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AgSTAR

AgSTAR Data and Trends

There are 253 anaerobic digesters operating on livestock farms in the United States, helping to reduce greenhouse gas emissions from methane. This page provides national market data and trends related to these biogas recovery systems.

You can also find information on individual anaerobic digesters operating on livestock farms in the United States, including:


Potential for Anaerobic Digestion on Livestock Farms in the United States

AgSTAR estimates that biogas recovery systems are technically feasible at over 8,000 large dairy and hog operations. These farms could potentially generate nearly 16 million megawatt-hours (MWh) of energy per year and displace about 2,010 megawatts (MWs) of fossil fuel-fired generation.

Use of anaerobic digestion at poultry and beef operations is growing as new technologies enter the market. Although these projects are technically feasible, their economic feasibility can vary.

Market Opportunities for Biogas Recovery Systems at U.S. Livestock FacilitiesMarket Opportunities for Biogas Recovery Systems at U.S. Livestock Facilities assesses the market potential for biogas energy projects at dairy and hog farms in the United States.

Challenges and Opportunities for California's Dairy Economy​Challenges and Opportunities for California’s Dairy Economy (PDF) Exit(149 pp, 6.4 MB, About PDF) explores the potential of dairy biogas systems to reduce environmental impacts while generating energy and/or income for dairies. 

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Anaerobic Digester Facts and Trends

The chart below shows the growth in the number of operating digesters on livestock farms (Source: AgSTAR Livestock Anaerobic Digester Database).

 

Year Number of Operating Digesters
2018 253
2017 250
2016 248
2015 246
2014 242
2013 234
2012 211
2011 181
2010 154
2009 135
2008 114
2007 89
2006 74
2005 56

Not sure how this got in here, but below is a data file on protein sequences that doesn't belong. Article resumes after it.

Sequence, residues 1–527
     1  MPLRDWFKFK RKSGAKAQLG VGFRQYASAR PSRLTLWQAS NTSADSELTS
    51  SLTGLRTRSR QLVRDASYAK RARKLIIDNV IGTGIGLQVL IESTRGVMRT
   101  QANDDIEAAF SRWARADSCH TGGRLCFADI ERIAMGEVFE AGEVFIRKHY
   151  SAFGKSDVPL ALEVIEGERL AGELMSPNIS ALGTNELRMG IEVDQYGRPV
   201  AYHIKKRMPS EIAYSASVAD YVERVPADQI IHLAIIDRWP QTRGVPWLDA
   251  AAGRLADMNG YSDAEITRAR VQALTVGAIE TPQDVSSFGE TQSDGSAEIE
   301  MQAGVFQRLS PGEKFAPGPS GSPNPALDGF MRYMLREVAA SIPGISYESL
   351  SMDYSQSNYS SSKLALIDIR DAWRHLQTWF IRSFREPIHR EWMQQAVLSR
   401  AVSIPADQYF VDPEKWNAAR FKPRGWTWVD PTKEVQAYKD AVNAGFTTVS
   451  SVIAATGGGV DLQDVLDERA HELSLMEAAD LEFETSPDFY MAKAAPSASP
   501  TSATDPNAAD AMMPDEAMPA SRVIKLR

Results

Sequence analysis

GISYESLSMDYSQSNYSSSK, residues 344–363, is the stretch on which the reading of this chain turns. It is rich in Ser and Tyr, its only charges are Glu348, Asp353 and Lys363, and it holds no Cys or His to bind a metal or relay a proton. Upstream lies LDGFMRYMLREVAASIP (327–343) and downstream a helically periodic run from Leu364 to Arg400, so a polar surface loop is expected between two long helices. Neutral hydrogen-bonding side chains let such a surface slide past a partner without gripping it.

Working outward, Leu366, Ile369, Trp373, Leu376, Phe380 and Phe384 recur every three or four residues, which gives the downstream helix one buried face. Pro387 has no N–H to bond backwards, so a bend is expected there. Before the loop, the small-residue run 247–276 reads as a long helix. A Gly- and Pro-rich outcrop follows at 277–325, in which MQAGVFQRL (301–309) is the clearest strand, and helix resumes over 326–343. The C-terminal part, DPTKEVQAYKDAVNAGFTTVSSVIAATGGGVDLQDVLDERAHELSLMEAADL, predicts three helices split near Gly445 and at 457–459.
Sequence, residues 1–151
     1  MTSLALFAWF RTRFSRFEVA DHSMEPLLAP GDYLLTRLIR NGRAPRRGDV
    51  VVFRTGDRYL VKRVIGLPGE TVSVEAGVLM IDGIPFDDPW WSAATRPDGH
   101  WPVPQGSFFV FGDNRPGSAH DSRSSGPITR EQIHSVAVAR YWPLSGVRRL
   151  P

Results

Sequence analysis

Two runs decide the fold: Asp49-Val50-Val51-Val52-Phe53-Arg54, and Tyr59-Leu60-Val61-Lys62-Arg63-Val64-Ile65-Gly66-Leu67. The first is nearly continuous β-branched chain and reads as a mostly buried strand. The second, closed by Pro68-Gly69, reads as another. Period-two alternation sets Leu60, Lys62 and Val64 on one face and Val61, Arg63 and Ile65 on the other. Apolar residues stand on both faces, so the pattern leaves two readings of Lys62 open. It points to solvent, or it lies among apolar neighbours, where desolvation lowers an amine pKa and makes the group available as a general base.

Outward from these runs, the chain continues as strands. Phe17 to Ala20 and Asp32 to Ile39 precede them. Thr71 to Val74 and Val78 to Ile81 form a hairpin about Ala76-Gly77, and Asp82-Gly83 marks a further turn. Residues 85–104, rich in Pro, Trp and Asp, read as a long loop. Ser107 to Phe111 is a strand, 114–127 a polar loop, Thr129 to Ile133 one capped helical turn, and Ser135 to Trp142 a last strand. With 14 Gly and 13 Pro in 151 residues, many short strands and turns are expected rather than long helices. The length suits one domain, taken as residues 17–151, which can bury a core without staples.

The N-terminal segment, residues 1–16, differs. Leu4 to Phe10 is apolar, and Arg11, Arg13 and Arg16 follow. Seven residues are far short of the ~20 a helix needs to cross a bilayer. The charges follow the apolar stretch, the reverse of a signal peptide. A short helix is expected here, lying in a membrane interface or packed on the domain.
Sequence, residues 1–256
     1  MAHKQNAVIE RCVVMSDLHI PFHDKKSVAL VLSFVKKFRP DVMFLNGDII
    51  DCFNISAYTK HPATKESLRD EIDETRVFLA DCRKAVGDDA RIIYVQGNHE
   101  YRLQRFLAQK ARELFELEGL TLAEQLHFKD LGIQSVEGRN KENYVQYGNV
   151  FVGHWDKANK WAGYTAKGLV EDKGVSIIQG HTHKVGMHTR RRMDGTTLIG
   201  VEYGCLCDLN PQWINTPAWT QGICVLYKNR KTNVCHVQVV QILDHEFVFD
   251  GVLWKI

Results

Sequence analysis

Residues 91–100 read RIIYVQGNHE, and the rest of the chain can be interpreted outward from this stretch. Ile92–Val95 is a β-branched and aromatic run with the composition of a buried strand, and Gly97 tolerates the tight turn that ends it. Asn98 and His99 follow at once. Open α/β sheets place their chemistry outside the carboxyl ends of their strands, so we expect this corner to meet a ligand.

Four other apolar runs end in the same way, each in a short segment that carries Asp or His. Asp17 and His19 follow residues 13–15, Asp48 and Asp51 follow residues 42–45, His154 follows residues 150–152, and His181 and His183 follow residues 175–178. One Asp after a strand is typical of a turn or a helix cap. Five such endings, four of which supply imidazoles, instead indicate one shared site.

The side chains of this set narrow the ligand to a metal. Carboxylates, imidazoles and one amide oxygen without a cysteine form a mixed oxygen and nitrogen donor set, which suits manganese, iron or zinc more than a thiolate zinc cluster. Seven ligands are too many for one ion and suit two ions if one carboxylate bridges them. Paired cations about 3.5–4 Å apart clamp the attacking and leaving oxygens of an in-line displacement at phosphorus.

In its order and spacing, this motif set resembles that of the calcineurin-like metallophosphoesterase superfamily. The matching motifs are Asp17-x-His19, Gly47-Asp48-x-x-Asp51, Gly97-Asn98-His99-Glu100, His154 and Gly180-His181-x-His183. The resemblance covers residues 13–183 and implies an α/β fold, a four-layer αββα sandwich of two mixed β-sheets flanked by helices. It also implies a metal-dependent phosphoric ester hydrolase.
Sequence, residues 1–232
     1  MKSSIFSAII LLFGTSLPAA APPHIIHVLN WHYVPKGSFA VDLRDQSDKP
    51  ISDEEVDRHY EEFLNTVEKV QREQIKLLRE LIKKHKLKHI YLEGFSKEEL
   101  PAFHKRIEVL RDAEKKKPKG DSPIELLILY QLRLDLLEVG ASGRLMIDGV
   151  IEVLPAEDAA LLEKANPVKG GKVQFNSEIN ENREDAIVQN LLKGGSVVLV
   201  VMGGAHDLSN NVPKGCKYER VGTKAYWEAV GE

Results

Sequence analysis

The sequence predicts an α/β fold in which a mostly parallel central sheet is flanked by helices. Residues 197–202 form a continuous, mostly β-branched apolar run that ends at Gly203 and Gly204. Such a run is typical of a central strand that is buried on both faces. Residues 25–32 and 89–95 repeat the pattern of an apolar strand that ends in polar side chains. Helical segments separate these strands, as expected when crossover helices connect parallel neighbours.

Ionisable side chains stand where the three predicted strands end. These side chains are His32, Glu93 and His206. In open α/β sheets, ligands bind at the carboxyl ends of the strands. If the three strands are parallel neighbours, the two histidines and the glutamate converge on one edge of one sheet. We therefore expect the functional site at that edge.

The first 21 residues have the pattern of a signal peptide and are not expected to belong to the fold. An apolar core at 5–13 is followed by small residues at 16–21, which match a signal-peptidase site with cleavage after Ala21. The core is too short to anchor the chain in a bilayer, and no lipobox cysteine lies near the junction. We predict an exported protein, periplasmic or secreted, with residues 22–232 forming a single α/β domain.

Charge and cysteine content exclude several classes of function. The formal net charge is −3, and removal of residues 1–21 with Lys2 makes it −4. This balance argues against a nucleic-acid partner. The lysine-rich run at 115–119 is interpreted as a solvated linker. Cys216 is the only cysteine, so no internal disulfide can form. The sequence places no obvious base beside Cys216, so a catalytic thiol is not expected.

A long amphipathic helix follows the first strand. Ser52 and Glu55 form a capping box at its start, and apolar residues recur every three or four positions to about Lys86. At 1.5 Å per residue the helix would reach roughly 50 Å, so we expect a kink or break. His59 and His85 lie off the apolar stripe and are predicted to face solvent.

2004 46
2003 31
2002 25
2001 18
2000 15

Anaerobic digesters operating at livestock farms use different technologies to generate power. Complete mix and mixed plug flow designs were used in the majority of anaerobic digesters at livestock farms in 2017.

 

System Type Count
Plug Flow* 103
Complete Mix 87
Covered Lagoon 43
Induced Blanket Reactor 5
Anaerobic Sequencing Batch Reactor 3
Fixed Film 2
Unknown/Other 5

*Plug flow digesters combine all modified plug flow digesters (for example, mixed plug flow and horizontal plug flow).

Learn more about the type of anaerobic digesters being used at livestock farms:

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Biogas Facts and Trends

Captured and recovered biogas can be used to generate electricity to fuel boilers or furnaces, or to create pipeline quality gas or compressed natural gas that can be sold as a vehicle fuel. While a variety of biogas use options are available, collected biogas is most often used to generate electricity and provide combined heat and power. Combined heat and power generates electricity and uses the excess heat from electricity generation to heat digesters or adjacent buildings.

The line chart below shows trends in the end uses of biogas from 2000 through 2017. Combined heat and power (CHP) is the most common end use, followed by electricity. The number of CHP and electricity projects steadily increased each year from 2000 to 2013. Since then, the electricity project count has become more stable, while the number of CHP projects continues to rise, albeit more slowly. Boiler and furnace fuel projects have also increased, but at a much slower rate than CHP and electricity projects. Projects that flare the biogas full time made up approximately 5 percent of all projects in 2017.

 

Year Combined Heat and Power Electricity Boiler/Furnace Fuel Flared Full Time CNG Pipeline Unknown
2017 125 90 15 14 6 3 1
2016 125 89 15 14 6 1 1
2015 124 88 15 14 6 0 2
2014 121 90 15 15 6 0 3
2013 119 89 14 14 6 0 3
2012 108 77 14 14 6 1 2
2011 97 60 12 14 4 1 1